From song dialects to speciation in white-crowned sparrows

Research output: Contribution to journalComment/debate

Abstract

The behavioural signals used in mate selection are a key component in the evolution of premating isolating barriers and, subsequently, the formation of new species. The importance of mating signals has a long tradition of study in songbirds, where many species differ in their song characteristics. In oscine songbirds, individual birds usually learn their songs from a tutor. Mistakes during learning can help generate geographic dialects, akin to those within human language groups. In songbirds, dialect differences can often be substantial and there is an intuitive connection between the evolution of song amongst populations at a small scale, and the more substantive song differences between bird species and presumably used in species recognition. However, studies investigating the concordance between putative genetic and behavioural boundaries have generated mixed results. In many cases, this is possibly a function of the poor resolving power of the genetic markers employed. In this issue of Molecular Ecology, Lipshutz et al. () combine genomic markers with a robust behavioural assay to address the importance of song variation amongst white-crowned sparrow (Zonotrichia leucophrys) subspecies.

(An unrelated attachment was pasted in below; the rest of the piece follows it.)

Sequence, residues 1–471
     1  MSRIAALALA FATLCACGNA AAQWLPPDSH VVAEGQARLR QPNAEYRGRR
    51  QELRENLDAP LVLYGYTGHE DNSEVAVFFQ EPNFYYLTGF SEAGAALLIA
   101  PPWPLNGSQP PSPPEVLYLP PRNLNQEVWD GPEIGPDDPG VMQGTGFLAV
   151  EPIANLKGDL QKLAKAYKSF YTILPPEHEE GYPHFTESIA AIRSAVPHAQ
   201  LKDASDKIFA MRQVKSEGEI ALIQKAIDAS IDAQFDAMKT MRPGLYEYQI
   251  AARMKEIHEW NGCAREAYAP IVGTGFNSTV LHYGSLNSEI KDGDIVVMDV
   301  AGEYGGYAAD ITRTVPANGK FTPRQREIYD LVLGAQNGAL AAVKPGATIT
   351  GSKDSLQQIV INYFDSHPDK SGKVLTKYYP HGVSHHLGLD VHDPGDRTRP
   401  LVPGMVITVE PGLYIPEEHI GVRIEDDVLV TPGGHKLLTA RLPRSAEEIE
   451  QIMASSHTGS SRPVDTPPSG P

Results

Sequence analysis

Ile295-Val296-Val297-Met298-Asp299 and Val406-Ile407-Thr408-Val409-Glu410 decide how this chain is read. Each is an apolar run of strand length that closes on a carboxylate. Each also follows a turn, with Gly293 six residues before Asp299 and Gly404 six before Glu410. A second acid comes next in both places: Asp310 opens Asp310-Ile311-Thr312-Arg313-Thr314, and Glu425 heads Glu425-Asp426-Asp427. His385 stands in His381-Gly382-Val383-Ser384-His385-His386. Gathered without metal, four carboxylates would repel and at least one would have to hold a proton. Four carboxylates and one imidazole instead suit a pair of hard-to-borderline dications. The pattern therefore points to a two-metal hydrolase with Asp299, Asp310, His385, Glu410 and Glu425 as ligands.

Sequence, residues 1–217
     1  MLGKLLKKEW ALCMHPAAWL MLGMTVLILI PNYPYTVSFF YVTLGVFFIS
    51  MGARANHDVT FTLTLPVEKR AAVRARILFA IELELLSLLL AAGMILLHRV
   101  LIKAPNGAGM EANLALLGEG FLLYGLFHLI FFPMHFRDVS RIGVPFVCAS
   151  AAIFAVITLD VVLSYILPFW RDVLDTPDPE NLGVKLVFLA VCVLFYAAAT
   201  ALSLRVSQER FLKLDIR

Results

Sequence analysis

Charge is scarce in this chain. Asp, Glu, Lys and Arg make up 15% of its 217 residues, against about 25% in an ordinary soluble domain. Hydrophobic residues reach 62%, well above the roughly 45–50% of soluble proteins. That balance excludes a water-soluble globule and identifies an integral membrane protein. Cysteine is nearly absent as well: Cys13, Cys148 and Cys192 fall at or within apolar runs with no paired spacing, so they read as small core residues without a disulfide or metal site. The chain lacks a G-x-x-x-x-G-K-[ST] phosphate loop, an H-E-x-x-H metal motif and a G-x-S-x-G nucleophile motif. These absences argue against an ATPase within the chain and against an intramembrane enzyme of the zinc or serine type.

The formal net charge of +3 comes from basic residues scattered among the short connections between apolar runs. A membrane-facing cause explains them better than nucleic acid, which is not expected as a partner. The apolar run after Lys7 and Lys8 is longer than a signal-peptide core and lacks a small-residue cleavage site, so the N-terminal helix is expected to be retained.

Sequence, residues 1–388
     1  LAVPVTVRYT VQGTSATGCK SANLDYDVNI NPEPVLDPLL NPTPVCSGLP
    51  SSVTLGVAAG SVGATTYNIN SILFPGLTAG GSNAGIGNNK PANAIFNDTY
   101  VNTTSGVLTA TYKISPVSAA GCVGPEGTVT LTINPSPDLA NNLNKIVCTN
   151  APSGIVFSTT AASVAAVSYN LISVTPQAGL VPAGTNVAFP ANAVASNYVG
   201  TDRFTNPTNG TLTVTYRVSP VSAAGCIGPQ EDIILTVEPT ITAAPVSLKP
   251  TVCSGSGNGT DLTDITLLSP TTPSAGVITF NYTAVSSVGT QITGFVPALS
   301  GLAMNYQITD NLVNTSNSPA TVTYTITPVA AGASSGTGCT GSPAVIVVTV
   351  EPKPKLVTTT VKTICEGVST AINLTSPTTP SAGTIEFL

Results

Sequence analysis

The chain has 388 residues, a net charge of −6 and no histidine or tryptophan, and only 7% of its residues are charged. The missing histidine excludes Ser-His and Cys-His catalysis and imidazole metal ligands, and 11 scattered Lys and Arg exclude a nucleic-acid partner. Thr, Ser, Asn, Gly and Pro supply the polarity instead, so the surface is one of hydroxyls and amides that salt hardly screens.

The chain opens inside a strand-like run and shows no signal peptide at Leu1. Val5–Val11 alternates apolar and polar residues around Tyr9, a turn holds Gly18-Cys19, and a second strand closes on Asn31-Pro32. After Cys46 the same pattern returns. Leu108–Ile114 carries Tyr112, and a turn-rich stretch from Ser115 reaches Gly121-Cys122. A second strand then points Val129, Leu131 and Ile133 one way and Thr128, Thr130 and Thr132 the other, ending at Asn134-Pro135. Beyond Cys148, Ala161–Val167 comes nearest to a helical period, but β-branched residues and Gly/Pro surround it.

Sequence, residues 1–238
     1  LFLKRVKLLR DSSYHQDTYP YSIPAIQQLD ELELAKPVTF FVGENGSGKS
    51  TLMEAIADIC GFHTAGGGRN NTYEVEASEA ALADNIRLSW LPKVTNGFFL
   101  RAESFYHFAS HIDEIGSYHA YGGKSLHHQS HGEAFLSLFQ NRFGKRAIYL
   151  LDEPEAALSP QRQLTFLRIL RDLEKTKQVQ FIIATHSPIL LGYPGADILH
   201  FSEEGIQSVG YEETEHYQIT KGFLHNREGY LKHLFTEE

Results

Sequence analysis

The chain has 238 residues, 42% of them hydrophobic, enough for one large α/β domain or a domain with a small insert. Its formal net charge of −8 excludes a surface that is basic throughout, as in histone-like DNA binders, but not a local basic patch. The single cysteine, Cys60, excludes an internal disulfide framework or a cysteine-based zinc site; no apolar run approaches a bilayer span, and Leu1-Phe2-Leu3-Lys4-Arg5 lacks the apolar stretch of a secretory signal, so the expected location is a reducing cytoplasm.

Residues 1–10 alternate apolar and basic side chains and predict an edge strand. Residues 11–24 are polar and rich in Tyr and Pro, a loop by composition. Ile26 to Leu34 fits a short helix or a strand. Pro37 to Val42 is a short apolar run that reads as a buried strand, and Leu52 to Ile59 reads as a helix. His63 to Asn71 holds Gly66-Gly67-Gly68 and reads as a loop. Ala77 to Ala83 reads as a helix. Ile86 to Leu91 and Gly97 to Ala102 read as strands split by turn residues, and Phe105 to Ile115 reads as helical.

Original languageEnglish (US)
Pages (from-to)2842-2844
Number of pages3
JournalMolecular ecology
Volume26
Issue number11
DOIs
StatePublished - Jun 1 2017

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Sparrows
Passeriformes
Music
song
Songbirds
animal communication
songbird
songbirds
Birds
Behavioral Genetics
molecular ecology
genetic markers
birds
genetic marker
Ecology
Marriage
Genetic Markers
subspecies
genomics
Language

All Science Journal Classification (ASJC) codes

  • Ecology, Evolution, Behavior and Systematics
  • Genetics

Cite this

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abstract = "The behavioural signals used in mate selection are a key component in the evolution of premating isolating barriers and, subsequently, the formation of new species. The importance of mating signals has a long tradition of study in songbirds, where many species differ in their song characteristics. In oscine songbirds, individual birds usually learn their songs from a tutor. Mistakes during learning can help generate geographic dialects, akin to those within human language groups. In songbirds, dialect differences can often be substantial and there is an intuitive connection between the evolution of song amongst populations at a small scale, and the more substantive song differences between bird species and presumably used in species recognition. However, studies investigating the concordance between putative genetic and behavioural boundaries have generated mixed results. In many cases, this is possibly a function of the poor resolving power of the genetic markers employed. In this issue of Molecular Ecology, Lipshutz et al. () combine genomic markers with a robust behavioural assay to address the importance of song variation amongst white-crowned sparrow (Zonotrichia leucophrys) subspecies.",